Street Stories

Hedge Funds, Trend Following and Alternative Investments

Jerry Parker of Chesapeake Capital: Former Turtle on His Own

Sept/Oct 1994, Vol 1, No 7

The $35 Million Man

By Ivy Schmerken

How does a trader who earns $35 million spend his money? How about making America better?

For Jerry Parker, the unpretentious super trader from Lynchburg, VA, the most important work occurs around the kitchen table. Thats where Parkers wife, a certified teacher, home schools the familys three children.

A religious man, who in his spare time loves politics, Parker donates considerable sums to political campaigns in his home state as well as to missionary Christian charities.

"I was a small town person and Richard Dennis rescued me from leading a normal life," says Parker. A turtle, who trained under Dennis from 1984 through 1988, Parker founded Chesapeake Capital Management in 1988.

Today, he employs five other traders, who monitor more than 85 futures markets, 24-hours a day. Leading a less glamorous life than Wall Street hotshots, Parker still comes to the office everyday.

"Trading for Rich, you got in at 7am and at 2pm you watched the Cubs game. When you become a CTA, you have to raise money, hire people, do research keep track of performance and trade." Running the business is making sure everybody else knows what to do. When hes on vacation, Parker still checks in to see how the markets are doing in Australia, England and Japan. Though traders follow their computerized instructions, he still calls in several times a day to see how much theyre making and how much theyre losing. "You cannot control yourself," he admits.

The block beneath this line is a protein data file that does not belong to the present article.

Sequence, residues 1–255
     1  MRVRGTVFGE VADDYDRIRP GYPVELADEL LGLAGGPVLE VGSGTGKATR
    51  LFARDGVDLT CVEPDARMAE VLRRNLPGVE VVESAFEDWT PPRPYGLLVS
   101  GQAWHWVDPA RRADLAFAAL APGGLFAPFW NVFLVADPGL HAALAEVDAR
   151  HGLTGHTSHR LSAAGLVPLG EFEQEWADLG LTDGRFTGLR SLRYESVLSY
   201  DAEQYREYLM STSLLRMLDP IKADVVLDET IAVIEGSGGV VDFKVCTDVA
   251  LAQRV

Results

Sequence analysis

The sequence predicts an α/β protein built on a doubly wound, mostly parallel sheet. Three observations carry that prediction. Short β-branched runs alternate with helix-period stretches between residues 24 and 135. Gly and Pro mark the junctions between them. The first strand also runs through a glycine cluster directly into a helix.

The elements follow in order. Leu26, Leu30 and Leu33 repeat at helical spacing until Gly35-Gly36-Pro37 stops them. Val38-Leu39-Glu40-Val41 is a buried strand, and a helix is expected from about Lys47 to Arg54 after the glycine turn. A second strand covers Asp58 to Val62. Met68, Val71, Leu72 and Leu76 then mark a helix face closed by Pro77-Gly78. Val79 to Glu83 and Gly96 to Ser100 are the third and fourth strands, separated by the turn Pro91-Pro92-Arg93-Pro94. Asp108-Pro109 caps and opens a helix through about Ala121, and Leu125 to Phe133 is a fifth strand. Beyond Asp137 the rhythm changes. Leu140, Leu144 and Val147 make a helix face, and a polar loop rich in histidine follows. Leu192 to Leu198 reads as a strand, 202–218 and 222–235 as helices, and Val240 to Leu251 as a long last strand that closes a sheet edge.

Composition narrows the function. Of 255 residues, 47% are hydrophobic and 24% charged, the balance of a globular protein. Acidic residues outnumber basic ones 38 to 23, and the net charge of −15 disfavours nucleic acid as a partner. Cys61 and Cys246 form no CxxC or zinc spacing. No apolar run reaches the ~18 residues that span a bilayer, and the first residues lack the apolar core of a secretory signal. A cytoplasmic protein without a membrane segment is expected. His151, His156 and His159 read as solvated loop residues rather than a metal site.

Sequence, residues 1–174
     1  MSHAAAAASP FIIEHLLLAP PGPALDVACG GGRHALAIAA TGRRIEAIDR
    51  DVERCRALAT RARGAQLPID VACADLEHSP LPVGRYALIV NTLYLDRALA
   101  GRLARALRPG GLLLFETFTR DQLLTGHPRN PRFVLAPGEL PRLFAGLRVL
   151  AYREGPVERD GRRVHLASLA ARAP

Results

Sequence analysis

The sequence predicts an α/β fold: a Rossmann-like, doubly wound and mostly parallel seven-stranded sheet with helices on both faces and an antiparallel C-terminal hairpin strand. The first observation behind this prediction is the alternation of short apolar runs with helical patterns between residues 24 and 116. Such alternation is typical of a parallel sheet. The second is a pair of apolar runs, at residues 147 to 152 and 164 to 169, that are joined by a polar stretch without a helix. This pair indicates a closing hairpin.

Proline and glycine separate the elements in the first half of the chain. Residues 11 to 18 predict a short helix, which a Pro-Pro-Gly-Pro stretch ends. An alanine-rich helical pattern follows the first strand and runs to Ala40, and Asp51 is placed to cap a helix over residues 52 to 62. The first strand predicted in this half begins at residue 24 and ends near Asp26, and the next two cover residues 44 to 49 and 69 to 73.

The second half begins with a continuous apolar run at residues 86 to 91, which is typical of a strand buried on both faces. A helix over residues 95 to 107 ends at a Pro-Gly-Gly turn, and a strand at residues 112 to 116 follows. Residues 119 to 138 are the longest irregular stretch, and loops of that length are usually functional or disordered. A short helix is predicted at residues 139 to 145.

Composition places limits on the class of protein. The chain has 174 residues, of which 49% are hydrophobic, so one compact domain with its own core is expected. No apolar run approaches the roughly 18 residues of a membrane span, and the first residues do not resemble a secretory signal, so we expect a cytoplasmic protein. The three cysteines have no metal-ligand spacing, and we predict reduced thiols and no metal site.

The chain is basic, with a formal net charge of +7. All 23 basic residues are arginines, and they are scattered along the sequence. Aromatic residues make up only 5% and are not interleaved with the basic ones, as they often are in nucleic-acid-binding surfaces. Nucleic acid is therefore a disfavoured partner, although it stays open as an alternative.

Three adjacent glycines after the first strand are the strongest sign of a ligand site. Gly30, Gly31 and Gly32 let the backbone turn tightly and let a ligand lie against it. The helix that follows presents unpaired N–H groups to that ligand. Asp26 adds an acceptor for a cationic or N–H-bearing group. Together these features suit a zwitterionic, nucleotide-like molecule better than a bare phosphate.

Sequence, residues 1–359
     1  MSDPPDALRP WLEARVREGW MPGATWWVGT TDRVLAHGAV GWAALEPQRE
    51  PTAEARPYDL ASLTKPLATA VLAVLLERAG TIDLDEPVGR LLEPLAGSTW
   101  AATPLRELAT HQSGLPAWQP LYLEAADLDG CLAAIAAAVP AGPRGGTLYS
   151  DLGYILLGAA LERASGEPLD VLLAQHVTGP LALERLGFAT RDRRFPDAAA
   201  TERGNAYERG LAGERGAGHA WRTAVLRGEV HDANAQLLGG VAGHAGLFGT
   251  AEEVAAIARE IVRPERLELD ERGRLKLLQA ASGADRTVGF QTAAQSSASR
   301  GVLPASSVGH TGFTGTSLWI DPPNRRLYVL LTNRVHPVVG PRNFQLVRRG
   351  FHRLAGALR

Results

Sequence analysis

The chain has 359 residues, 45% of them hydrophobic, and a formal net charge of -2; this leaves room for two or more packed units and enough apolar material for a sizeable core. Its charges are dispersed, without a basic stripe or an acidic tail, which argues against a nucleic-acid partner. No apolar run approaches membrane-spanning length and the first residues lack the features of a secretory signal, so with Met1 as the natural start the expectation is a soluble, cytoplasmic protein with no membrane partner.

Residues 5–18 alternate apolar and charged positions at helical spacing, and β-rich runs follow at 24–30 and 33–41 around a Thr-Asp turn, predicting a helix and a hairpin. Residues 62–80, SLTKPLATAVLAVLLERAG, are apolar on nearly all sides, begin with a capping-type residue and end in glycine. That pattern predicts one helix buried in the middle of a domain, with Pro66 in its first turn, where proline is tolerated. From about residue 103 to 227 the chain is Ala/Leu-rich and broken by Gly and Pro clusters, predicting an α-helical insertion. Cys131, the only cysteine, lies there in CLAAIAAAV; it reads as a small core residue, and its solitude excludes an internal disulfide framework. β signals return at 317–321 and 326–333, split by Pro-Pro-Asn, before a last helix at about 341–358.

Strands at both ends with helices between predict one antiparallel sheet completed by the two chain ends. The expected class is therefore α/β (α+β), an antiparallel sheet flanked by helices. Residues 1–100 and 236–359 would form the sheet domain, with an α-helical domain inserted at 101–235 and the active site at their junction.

Several consultants praise Parker for running a "lean operation." "Theres people who have twice as many employees and manage the same amount of money," admits Parker. Since the technical trend following style follows its computer models [the firm is 90 percent systematic and 10 percent discretionary], "were not really interested in people who are experts at the French stock markets or German bond markets." "It doesnt take a huge monster infrastructure - not Harvard MBAs and people from Goldman Sachs," Parker retorts. This February, Parker plans to visit foreign seminaries in Australia, Pakistan, India and Thailand, that teach preachers around the world. Hes already met Charles Colson, the former Watergate figure who started a mission for prisons. Parker ponders the next step beyond trading. Politics? Perhaps. Short of running for political office, Parker donates to political campaigns. Another billion dollar trader Another is [sic] role model George Soros: his foundations have given away over $300 million to foster capitalism in the former Eastern bloc countries.